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The inferior thyroid • The costocervical trunk: a small artery that passes backwards to veins pass downwards in front of the trachea to open into the left bra- supply muscles of the back order advair diskus 500 mcg with amex. The facial vein communicates around the orbit with tributaries of the • The thyrocervical trunk: gives off the superficial cervical and ophthalmic veins so that infections of the face may spread to the cav- suprascapular arteries and then passes medially as the inferior thyroid ernous sinus if not properly treated cheap 100mcg advair diskus visa. It has a variable relation to the recurrent laryngeal of the retromandibular vein with other small veins cheap advair diskus 250 mcg overnight delivery. It passes obliquely nerve buy 100 mcg advair diskus amex, lying in front or behind them buy cheap advair diskus 500mcg line, but may branch early with the across sternomastoid to open into the subclavian vein. It descends along the medial border of the scapula but may • The anterior jugular vein: begins below the chin and runs down the arise in common with the superficial cervical artery. The veins • The subclavian vein: lies in a groove on the 1st rib but is separated The veins of the brain drain into dural venous sinuses (Fig. It receives the most important of these are: external jugular vein, veins corresponding to the branches of the sub- • The superior sagittal sinus: passes backwards in the midline in the clavian artery and, at its junction with the internal jugular vein, the thor- attached border of the falx cerebri from just above the cribriform plate acic duct on the left and the right lymph duct on the right. It then transversarium from the vertebral plexus of veins that accompany the winds down on the back of the petrous temporal as the sigmoid sinus vertebral artery. Trachea The arrows indicate the posterior triangle Pretracheal fascia Sternomastoid External jugular Thyroid Carotid sheath Vagus Thoracic duct Sympathetic trunk Longus colli Scalenus anterior Spinal nerve Long thoracic nerve Plane of accessory nerve Prevertebral Scalenus medius fascia Levator scapulae Splenius Trapezius Semispinalis Vertebral artery Fig. There are still some structures omitted from the diagram for the sake of simplicity, for example the strap muscles Greater auricular Anterior belly of digastric Lesser occipital Parotid Digastric triangle Semispinalis Posterior belly of digastric External jugular Splenius capitis vein Trapezius Transverse Levator scapulae cutaneous Accessory nerve Supraclavicular nerves Scalenus medius Hyoid bone Anterior jugular Submental Brachial plexus vein triangle Carotid (upper trunk) Omohyoid Omohyoid triangle Scalenus anterior Muscular triangle Fig. These are as follows: ous, without interruption, from one triangle to another so that it is more 1 The cervical vertebrae surrounded by a number of muscles and convenient to describe them individually in other chapters. Below the level of C6 these give way to the oesophagus The posterior triangle is bounded by: and trachea. Stretching between the two muscles is the investing layer of deep 5 An outer enclosing sheath consisting of the sternomastoid and fascia which splits to enclose them and continues to the anterior tri- trapezius and the investing layer of deep fascia of the neck. Embedded in the deep fascia is the spinal part of the accessory nerve which leaves the sternomastoid about halfway down its posterior The anterior triangle border and passes into trapezius two fingerbreadths above the clavicle. Four cutaneous nerves (transverse cervical, • The lower border of the mandible and its backward continuation. The external jugular vein begins near the upper end of The anterior triangle is subdivided into: sternomastoid and runs down obliquely across this muscle to enter the (a) The digastric triangle, bounded by: subclavian vein. Anterior and posterior triangles 137 62 The pharynx and larynx Superior constrictor Nerves Vocal process Buccinator Glossopharyngeal Epiglottis Pterygomandibular ligament Thyroid Stylopharyngeus cartilage Stylohyoid ligament Arytenoid Vocal Superior laryngeal Muscular ligament Internal laryngeal process Cricovocal Attachment of External laryngeal Crico- membrane thyrohyoid arytenoid joint Cricoid Attachment of sternohyoid Facet for First ring Inferior constrictor inferior horn of trachea Cricothyroid of thyroid Cricoid cartilage Recurrent laryngeal Fig. It is important be- nasal cavity, the mouth and the larynx, thus being made up of the cause a carcinoma in this region can remain ‘silent’ until it has spread nasopharynx, the oropharynx and the laryngopharynx. The space between the vocal and vestibular folds is the • The inferior constrictor: arises from the thyroid and cricoid sinus of the larynx. The larynx • Nerve supply: Palpable components • Motorarecurrent laryngeal nerve, except for the cricothyroid • Hyoid bone, level of C3. Below the vocal cords, the recurrent laryngeal nerve (which is therefore a Other components mixed nerve) which enters the larynx just behind the cricothyroid • Arytenoid cartilages: attached to upper border of the cricoid by syn- joint. If one of the recurrent laryngeal upper border of the cricoid and passes inside the thyroid to be attached nerves is divided, the cord lies in a position midway between adduction to the back of the thyroid and to the vocal processes of the arytenoids and abduction but this does not produce very severe voice changes (Fig. The upper border is thickened to form the vocal ligament because the uninjured cord can cross the midline to reach the para- which, with the mucous membrane that covers it, forms the vocal lysed cord. If both nerves are damaged but not • Cricothyroid joint: a small synovial joint between the inferior horn completely divided the cords are adducted since the abductors are of the thyroid cartilage and the cricoid, permitting a hinge-like move- more affected than the adductors (Semon’s law). The pharynx and larynx 139 63 The root of the neck Middle cervical ganglion Scalenus medius Vertebral artery Scalenus anterior Sympathetic trunk Phrenic nerve Inferior thyroid artery Upper trunk of brachial plexus Superficial cervical artery Vagus Suprascapular artery, nerve Subclavian artery Dorsal scapular artery Subclavian vein Carotid sheath Internal thoracic artery Inferior cervical ganglion Thoracic duct Fig. The curved arrow on the right side of the diagram indicates the course of the thoracic duct Scalenus posterior Sympathetic trunk Superior intercostal artery Attachment of scalenus medius 1st thoracic nerve Serratus anterior 8th cervical nerve (first digitation) Lower trunk of brachial plexus Scalene tubercle, Subclavian artery for attachment of Subclavian vein scalenus anterior Subclavius Costoclavicular ligament Fig. The subclavian artery and the Through this relatively confined space pass the trachea and oesopha- trunks of the brachial plexus are between the two muscles and the sub- gus, the carotid and subclavian arteries and the corresponding large clavian vein is in front of scalenus anterior. At the outer border of the 1st rib it becomes the axillary scalenus anterior before crossing the subclavian artery and entering the artery. The The veins middle cervical ganglion is close to the entry of the artery into the fora- • The subclavian vein: begins at the outer border of the 1st rib and lies men transversarium of C6 and the inferior cervical ganglion is near the in a shallow groove on the upper surface of the rib in front of scalenus neck of the 1st rib behind the origin of the vertebral artery. At the medial border of this muscle it is joined by the internal fused with the 1st thoracic ganglion to form the stellate ganglion. The internal jugular vein is enclosed in the carotid sheath, along with the common carotid artery The thoracic duct (Fig. The duct ascends out of the thorax between the ies but the inferior thyroid veins are solitary and run down from the trachea and oesophagus and arches laterally between the carotid sheath lower border of the thyroid gland, in front of the trachea, to reach the in front and the vertebral artery behind. The nerves • The upper, middle and lower trunks of the brachial plexus: emerge from between the scalenus anterior and medius and pass down The root of the neck 141 64 The oesophagus and trachea and the thyroid gland Thyrohyoid Superior thyroid artery Sternothyroid Cricothyroid Common carotid artery Inferior thyroid artery Inferior thyroid artery Right recurrent laryngeal nerve Inferior thyroid veins Left brachiocephalic vein Fig.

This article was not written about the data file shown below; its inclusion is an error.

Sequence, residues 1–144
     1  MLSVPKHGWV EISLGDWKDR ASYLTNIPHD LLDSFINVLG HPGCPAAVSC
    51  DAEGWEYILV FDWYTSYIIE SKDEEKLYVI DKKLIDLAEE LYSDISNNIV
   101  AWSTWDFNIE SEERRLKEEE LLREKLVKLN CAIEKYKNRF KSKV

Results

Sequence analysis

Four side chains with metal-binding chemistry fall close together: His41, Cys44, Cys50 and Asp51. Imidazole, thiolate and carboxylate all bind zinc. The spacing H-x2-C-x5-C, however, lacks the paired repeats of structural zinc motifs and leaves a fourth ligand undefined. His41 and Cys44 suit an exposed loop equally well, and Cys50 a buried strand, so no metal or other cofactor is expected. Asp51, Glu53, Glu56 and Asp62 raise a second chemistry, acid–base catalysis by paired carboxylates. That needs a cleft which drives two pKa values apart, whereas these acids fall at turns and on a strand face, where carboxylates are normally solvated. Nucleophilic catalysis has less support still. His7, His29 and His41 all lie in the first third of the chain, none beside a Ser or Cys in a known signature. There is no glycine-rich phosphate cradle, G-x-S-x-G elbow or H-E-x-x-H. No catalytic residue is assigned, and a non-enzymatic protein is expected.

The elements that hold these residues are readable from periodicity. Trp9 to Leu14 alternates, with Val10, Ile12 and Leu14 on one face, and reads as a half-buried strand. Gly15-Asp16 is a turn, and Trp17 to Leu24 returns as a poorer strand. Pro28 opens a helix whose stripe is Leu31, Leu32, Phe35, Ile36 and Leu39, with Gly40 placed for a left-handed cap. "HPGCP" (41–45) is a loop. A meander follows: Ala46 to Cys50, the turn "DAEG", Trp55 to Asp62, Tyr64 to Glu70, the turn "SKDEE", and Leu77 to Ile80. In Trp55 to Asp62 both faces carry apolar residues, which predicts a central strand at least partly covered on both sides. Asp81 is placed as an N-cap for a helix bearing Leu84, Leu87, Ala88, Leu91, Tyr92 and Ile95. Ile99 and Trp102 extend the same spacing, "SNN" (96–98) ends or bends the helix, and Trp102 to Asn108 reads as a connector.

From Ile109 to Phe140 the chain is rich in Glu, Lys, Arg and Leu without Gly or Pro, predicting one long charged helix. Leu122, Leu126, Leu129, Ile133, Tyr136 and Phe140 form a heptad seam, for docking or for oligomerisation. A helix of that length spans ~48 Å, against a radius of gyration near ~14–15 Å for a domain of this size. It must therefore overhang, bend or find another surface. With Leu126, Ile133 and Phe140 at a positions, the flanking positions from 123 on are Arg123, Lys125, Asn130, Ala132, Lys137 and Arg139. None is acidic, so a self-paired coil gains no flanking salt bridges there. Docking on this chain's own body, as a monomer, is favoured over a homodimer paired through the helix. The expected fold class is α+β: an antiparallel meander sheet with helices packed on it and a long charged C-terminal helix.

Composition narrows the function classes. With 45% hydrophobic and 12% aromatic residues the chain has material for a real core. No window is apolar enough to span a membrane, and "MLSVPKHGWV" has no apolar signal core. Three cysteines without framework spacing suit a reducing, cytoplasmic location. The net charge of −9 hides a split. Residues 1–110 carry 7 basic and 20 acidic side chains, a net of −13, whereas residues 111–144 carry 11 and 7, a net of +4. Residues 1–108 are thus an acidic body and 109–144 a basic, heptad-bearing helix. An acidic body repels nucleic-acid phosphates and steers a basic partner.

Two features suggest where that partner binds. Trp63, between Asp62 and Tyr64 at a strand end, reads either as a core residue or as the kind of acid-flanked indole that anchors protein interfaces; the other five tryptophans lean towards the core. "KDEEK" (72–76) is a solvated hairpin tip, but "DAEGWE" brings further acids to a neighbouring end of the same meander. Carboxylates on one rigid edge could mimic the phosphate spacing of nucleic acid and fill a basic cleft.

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During pregnancy buy advair diskus 500mcg cheap, the mother must supply all the food and oxygen for the developing baby and eliminate its waste materials buy advair diskus 250mcg lowest price. In particular proven advair diskus 500 mcg, the heart has to pump harder advair diskus 100 mcg free shipping, and the lungs have more work to do supplying the needs of the enlarged uterus and the placenta order 100mcg advair diskus overnight delivery. A balanced and varied diet containing plenty of fresh fruit and vegetables, as well as dairy products (calcium is required for the bones of both mother and baby), meat and cereals, is appropriate. Women are taught exercises to strengthen the back and abdominal muscles, breathing exercises to help with the various stages of labour, and strategies to cope with them. Aches and pains will develop in unusual areas as muscles that are not normally used are called into play to support the extra weight, normally between 7 and 12 kg (baby + fluid + placenta + enlarged uterus + enlarged breasts), that the mother is carrying around. Visiting the hospital or birthing centre that you have booked into for the confinement can be helpful, so that the facilities and the labour ward will not appear cold and impersonal when they are used. After the baby is born, visits to a physiotherapist to get the tone back into your abdominal muscles and to strengthen the stretched muscles around the uterus and pelvis will help the woman regain her former figure. The pregnancy may continue for many weeks but in due course the placenta is unable to supply the growing foetus with adequate nutrition as it is not implanted into the normal site in the uterus but attaches to whatever structures and organs it comes into contact with in the abdomen. The woman may be aware that she is pregnant, and her belly swells in a similar way to pregnancy, but the swelling is higher and more irregular than the smooth feeling of a pregnancy in the uterus. When the placenta starts to fail, usually at about 20 weeks of pregnancy, it separates from the structures in the abdomen to which it has been attached, bleeding into the abdomen occurs, and the woman experiences severe pain. At this stage the diagnosis is usually made, and as a result it is very rare for a foetus to survive an abdominal pregnancy. An operation is necessary to remove the usually dead foetus from the mother’s belly, but a lot of the placenta is often left behind to shrink naturally as attempts to remove it from the structures in which it is embedded can cause serious bleeding. The normal values are: - Weeks of pregnancy Lower limit Upper limit 14 14 55 15 15 61 16 17 69 17 20 81 18 23 94 19 26 106 20 30 122 21 36 143 Term >50 A slow decrease in values indicates a normal pregnancy. On the other hand, a steady rise indicates foetal distress, defect of spinal development (neural tube defect), kidney disease (eg. Alpha-fetoprotein levels can also be measured in blood for the same reasons as above, plus assessment of liver diseases and cancer of the ovary and testes. Very high blood levels may indicate Down syndrome (trisomy 21) or a neural tube (spinal cord) defect in the foetus. A high level can occur with liver cancer (hepatic carcinoma), bowel cancer (colon carcinoma), stomach cancer, hepatitis, liver cirrhosis, other liver diseases, ovary cancer (teratoma) or testicular cancer. A steady rise occurs throughout a normal pregnancy, but a drop in levels late pregnancy indicates foetal distress. A sample may be obtained in a process called amniocentesis by putting a needle through the skin of the lower abdomen and into the uterus and drawing off a small amount of amniotic fluid. The amniotic fluid is created by the urine and faeces of the foetus, and by secretions from the placenta. The foetus is constantly swallowing and processing the fluid from about 15 weeks onwards, and it aids the growth and nutrition of the foetus. The dark colouration may only be noticed at the beginning of labour when the waters break with the rupture of the amniotic sac in which the fluid and foetus are contained. The volume of amniotic fluid steadily increases throughout pregnancy until about 36 weeks, after which it slowly decreases. Hormones and waste produced by the foetus are also present as these are excreted in the urine of the foetus. It is attached to the edges of the placenta and otherwise is pushed against, but not attached to, the inside of the uterus. The procedure is usually performed through the vagina and cervix with a pair of toothed forceps that are used to grasp and tear the membrane. Antenatal care involves regular visits to a doctor or nurse from the third month of pregnancy onwards. During these visits appropriate blood and ultrasound tests will be ordered when necessary, and the mother’s urine will be tested. Other checks on the mother and baby’s health will also be performed depending on the stage of pregnancy, and may include weight, blood pressure, checking for swollen ankles and feet, checking the size of the uterus, listening for the baby’s heart beat, checking the baby’s position and feeling the baby’s movements. The score is derived by giving a value of 0, 1 or 2 to each of five variables - heart rate, breathing, muscle tone, reflexes and colour.